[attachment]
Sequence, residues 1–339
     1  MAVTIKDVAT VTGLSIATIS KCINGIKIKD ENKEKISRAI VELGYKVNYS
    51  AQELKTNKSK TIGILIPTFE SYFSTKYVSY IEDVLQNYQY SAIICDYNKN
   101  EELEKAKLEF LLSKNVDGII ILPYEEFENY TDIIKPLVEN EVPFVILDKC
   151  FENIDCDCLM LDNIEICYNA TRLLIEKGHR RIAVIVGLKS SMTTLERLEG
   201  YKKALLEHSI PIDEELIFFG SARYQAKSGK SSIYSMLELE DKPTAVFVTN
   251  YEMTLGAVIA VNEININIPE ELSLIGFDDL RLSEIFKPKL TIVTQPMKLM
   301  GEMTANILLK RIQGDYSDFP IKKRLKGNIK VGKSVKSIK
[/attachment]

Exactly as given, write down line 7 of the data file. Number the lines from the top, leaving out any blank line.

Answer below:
   251  YEMTLGAVIA VNEININIPE ELSLIGFDDL RLSEIFKPKL TIVTQPMKLM